Third Australian killed while fighting with ISIS militants: Report

SYDNEY (AFP) - A third Australian has died in the past two weeks while fighting with Islamic State in Iraq and Syria (ISIS) militants in Syria, a report said on Sunday.

The man, who was not named, was believed to be from south-west Sydney and married with children, according to the Sun Herald.

Australia's Department of Foreign Affairs said it was attempting to verify the reports, but it was "very difficult to do so". "Due to the extremely dangerous security situation consular assistance is no longer available within Syria or Iraq," a Foreign Ministry spokesman said in a statement.

The reports came two weeks after Afghan-born Mohammad Ali Baryalei, Australia's most senior ISIS recruit, was reportedly killed in Syria. The Herald reported that another IS fighter from Sydney, Abu Noor al-Kurdi, was also killed with Baryalei.

It followed claims that hardline ISIS chief Abu Bakr al-Baghdadi was killed in United States-led airstrikes near the Iraqi city of Mosul on Saturday, although US officials could not confirm if he had been present.

The Australian government passed a law criminalising travel to terror hotspots in October, in response to fears about the flow of foreign fighters to the Middle East.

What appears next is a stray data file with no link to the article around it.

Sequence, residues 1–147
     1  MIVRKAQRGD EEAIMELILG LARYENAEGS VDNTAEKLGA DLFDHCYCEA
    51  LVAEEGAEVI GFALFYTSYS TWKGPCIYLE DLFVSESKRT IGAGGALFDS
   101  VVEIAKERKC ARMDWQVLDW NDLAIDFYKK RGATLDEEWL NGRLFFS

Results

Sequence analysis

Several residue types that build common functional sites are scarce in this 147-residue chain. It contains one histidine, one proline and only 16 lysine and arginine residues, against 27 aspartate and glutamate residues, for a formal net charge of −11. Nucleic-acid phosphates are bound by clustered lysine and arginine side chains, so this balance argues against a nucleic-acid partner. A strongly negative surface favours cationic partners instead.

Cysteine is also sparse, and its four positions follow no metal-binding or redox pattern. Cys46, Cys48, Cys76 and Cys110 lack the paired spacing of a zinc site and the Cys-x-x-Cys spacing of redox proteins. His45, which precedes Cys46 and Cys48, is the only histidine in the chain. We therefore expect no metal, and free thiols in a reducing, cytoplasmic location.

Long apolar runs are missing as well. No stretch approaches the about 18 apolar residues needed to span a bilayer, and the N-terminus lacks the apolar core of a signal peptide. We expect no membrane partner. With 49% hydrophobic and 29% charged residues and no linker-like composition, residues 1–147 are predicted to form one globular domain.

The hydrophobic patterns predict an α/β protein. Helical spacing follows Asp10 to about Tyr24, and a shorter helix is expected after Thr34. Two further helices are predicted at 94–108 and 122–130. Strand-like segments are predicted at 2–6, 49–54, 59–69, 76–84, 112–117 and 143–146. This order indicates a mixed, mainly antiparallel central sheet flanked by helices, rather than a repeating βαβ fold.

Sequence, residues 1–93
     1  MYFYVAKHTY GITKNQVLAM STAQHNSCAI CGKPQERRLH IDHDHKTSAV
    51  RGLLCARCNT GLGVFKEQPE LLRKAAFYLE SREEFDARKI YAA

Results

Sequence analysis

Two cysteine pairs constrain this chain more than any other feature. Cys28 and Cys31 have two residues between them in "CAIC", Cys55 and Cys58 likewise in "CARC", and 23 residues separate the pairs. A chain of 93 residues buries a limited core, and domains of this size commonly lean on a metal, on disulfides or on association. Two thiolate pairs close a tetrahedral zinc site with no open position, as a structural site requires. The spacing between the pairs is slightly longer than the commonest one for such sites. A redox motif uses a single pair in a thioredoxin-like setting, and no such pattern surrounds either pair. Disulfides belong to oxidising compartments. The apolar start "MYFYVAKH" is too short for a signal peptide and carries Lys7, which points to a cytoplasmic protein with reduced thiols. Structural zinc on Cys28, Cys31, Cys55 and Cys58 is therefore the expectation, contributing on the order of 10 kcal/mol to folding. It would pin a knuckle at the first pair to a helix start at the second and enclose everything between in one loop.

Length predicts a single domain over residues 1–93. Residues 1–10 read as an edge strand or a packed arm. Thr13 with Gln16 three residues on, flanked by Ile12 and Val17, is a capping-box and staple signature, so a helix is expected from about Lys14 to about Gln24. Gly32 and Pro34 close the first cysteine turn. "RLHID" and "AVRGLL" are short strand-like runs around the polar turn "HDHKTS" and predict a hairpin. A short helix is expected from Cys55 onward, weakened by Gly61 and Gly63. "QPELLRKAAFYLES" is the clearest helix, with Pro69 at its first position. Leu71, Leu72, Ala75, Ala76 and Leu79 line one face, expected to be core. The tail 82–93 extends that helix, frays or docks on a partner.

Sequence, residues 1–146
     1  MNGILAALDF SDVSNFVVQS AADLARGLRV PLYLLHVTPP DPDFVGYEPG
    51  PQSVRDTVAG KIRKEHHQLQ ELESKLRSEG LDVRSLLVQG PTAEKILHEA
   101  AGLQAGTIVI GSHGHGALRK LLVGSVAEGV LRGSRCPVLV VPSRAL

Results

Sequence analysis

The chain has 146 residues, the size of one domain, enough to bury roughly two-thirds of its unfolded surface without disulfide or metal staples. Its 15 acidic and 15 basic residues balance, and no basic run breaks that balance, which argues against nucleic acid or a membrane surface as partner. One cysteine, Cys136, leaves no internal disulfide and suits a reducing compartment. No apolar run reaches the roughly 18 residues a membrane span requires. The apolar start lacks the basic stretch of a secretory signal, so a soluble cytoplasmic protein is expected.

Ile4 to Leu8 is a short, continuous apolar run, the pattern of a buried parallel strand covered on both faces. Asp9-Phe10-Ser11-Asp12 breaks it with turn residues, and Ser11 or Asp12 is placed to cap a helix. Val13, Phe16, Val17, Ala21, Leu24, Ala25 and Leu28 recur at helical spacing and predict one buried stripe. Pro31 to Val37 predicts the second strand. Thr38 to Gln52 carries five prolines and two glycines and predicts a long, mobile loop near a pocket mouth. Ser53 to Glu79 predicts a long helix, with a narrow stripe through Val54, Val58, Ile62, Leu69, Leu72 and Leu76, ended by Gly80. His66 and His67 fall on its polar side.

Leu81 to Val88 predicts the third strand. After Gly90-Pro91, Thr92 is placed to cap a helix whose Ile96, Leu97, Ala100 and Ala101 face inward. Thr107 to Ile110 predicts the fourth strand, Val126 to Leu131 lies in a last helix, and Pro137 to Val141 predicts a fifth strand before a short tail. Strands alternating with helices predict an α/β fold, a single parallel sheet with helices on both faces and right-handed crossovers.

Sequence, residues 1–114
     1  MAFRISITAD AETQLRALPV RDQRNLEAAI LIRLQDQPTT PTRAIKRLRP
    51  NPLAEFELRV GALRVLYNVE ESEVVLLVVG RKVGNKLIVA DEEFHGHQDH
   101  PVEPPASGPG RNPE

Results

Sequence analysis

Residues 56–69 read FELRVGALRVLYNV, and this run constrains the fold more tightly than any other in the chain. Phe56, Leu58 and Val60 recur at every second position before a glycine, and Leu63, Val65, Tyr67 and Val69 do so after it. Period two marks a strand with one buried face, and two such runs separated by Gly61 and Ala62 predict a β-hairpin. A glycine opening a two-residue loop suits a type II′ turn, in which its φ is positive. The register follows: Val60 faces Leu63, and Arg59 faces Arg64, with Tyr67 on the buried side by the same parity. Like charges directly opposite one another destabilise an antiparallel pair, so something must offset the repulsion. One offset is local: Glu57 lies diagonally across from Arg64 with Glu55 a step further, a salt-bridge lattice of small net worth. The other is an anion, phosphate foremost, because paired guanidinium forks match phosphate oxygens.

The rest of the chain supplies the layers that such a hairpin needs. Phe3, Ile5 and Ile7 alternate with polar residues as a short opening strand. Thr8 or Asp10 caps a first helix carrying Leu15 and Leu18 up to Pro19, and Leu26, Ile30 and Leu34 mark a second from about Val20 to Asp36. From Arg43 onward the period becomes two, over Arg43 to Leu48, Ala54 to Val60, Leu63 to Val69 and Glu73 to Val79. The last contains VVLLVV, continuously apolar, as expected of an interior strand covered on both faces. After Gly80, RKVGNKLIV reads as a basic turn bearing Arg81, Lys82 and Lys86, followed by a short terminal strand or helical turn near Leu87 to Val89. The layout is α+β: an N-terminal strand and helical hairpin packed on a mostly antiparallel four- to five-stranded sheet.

Some 70 Australians are believed to have already made the journey, with another 100 supporting them with recruitment and funding from home, the government has said.

An estimated 20 militants who fought with terrorist groups in the region have also returned to Australia, while a further 73 people have had their passports cancelled to prevent them joining ISIS, Canberra said.

Fifteen Australians, including two suicide bombers, are already thought to have died fighting in Syria and Iraq, Australia's then intelligence chief David Irvine said in late August.

The country raised its terror threat level in September and carried out extensive counter-terrorism raids in Sydney and Brisbane, with Attorney-General George Brandis warning last week that Australians should brace for more large-scale operations.

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